MANILA (UPDATED) —The Supreme Court has junked a lawyer’s plea to compel President Rodrigo Duterte to sue China over its incursions in the West Philippine Sea.
In a unanimous ruling dated June 29 this year but only uploaded on the SC website on Monday, the SC en banc dismissed for “utter lack of merit” the petition for mandamus filed by lawyer Romeo Esmero.
Esmero impleaded the President as the sole respondent, but the high court said he is immune from suit.
“Our ruling in De Lima v. Duterte is clear: the President is immune
from suit during his incumbency, regardless of the nature of the suit filed against him. Petitioner named President Duterte as the sole respondent in this case. For this reason, this suit should be dismissed outright,” the SC said.
It also noted that a petition for the issuance of a writ of mandamus is the wrong remedy.
A mandamus plea seeks to compel performance of a pre-existing duty, a ministerial function on the part of a board, officer or person, provided that the petitioner has a well-defined and clear right.
Esmero claimed “it is the ministerial duty of the President to defend the national territory which includes the West Philippine Sea as established by the UN Arbitral Tribunal,” even suggesting suing China before the International Court of Justice (ICJ) or bringing the matter before the United Nations (UN).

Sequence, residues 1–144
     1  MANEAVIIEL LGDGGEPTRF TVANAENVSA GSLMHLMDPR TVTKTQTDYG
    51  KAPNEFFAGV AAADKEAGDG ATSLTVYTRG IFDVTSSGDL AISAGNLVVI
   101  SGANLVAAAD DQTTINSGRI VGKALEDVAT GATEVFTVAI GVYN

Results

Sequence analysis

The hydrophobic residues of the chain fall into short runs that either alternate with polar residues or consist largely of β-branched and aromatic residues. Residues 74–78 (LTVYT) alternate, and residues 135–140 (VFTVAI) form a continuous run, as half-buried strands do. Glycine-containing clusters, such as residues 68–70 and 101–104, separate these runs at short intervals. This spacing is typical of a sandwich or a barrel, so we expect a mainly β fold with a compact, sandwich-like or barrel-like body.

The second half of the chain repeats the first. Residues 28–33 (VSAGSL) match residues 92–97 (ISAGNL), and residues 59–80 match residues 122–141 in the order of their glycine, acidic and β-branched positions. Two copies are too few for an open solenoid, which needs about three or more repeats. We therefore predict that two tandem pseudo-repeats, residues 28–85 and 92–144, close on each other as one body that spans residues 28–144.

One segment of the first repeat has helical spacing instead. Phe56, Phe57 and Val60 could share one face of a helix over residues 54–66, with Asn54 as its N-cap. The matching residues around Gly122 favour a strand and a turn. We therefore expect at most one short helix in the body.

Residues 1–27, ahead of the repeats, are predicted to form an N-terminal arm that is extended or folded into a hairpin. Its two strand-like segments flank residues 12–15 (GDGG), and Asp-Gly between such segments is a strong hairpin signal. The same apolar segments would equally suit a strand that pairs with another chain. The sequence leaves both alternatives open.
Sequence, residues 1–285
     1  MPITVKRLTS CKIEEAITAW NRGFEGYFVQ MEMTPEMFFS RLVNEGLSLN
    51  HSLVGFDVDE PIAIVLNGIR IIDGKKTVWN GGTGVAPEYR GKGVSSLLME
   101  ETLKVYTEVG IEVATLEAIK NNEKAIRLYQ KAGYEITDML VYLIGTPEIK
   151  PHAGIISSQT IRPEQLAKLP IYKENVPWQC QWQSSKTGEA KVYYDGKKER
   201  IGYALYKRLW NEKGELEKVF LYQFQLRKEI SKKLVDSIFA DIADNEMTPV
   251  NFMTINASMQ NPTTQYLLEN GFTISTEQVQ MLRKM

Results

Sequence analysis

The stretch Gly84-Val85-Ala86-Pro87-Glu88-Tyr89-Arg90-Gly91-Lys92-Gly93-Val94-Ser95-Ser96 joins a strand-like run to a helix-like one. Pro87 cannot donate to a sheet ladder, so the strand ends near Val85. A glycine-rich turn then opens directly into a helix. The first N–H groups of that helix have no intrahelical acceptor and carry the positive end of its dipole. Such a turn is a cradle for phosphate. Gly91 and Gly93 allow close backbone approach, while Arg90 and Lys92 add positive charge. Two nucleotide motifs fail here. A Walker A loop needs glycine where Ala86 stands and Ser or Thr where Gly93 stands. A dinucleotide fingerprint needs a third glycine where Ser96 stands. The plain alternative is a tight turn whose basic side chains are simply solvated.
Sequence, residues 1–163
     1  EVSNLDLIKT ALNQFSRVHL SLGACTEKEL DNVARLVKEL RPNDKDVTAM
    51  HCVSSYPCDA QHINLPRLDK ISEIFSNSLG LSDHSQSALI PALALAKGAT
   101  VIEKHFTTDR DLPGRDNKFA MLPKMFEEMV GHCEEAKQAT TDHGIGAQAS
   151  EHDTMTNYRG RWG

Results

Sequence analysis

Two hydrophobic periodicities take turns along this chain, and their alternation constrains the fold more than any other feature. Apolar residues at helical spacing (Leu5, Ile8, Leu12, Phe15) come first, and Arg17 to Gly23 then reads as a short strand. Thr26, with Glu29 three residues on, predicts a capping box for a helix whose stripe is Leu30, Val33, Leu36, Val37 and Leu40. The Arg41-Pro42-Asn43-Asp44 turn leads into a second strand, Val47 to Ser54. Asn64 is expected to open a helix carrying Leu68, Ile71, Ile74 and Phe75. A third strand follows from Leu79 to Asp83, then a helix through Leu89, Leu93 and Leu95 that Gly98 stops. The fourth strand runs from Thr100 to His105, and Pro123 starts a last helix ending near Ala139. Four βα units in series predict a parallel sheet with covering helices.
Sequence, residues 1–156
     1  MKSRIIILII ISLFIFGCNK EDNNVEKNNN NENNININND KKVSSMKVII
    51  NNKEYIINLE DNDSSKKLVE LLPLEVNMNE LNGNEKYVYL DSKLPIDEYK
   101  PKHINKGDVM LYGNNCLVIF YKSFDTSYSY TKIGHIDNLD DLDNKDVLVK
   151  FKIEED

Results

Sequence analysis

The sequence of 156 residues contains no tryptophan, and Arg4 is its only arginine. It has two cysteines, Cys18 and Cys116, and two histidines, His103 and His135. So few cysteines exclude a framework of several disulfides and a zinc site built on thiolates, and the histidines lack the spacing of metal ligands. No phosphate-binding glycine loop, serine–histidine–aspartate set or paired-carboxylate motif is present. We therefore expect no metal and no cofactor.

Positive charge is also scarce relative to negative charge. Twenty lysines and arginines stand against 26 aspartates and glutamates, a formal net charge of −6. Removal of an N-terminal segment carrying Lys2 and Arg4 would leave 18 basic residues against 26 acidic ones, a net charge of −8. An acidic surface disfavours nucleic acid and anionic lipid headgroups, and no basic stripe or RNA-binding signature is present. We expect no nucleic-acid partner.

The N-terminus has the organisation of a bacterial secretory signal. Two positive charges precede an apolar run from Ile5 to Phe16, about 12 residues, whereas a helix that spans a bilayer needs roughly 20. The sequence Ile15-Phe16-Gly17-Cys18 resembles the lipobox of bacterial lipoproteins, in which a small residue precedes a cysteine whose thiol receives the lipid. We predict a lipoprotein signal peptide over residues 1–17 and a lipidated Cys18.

“There is unlawful neglect or inaction by the President in the performance of his constitutional duty resulting to the detriment of ‘paramount public interest involve (sic) the livelihood of all of our poor Filipino fishermen and their families who are living in the coastal areas of the many islands facing the West Philippine Sea’,” he said in his petition.
But the high court, in the 9-page ruling penned by Associate Justice Rodil Zalameda, said the President has the discretion how to proceed as the “sole organ and authority in the external affairs of the country.”
The SC pointed out there is no law requiring the President to go to the UN or the ICJ, and neither has Esmero shown a “clear and unmistakable constitutional or statutory provision” prescribing how he should respond to any threat from another state.
The high court said former President Benigno Aquino III was not obligated to sue China through the UN Convention on the Law of the Sea (UNCLOS) in 2013 which led to a favorable ruling in 2016, invalidating Beijing's sweeping claims over almost the entire South China Sea, within which is the West Philippine Sea.
“If President Duterte now sees fit to take a different approach with China despite said ruling, this does not by itself mean that he has, as petitioner suggests, unlawfully abdicated his duty to protect and defend our national territory, correctible with the issuance by this Court of the extraordinary writ of mandamus,” the court said.
“Being the Head of State, he is free to use his own discretion in this matter, accountable only to his country in his political character and to his own conscience,” it added.
All 13 other justices concurred with Zalameda.
The decision affirms that Duterte "is the chief architect of foreign policy," said his acting spokesman Cabinet Secretary Karlo Nograles.